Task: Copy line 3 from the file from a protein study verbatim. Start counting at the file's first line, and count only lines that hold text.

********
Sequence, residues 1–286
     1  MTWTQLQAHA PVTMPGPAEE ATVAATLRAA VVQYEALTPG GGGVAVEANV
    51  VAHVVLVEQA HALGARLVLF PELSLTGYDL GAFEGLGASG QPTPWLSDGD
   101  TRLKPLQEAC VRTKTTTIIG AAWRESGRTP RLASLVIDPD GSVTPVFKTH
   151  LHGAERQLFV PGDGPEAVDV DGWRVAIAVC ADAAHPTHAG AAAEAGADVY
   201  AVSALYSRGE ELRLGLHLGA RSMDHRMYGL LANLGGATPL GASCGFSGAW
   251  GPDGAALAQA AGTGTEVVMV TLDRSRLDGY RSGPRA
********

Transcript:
    51  VAHVVLVEQA HALGARLVLF PELSLTGYDL GAFEGLGASG QPTPWLSDGD